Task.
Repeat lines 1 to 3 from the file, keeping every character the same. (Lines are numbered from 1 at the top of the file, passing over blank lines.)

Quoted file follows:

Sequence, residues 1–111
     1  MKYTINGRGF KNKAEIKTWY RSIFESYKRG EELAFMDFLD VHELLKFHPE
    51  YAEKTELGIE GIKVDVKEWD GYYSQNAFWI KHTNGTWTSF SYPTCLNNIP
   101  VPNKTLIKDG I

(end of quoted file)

Sequence, residues 1–111
     1  MKYTINGRGF KNKAEIKTWY RSIFESYKRG EELAFMDFLD VHELLKFHPE
    51  YAEKTELGIE GIKVDVKEWD GYYSQNAFWI KHTNGTWTSF SYPTCLNNIP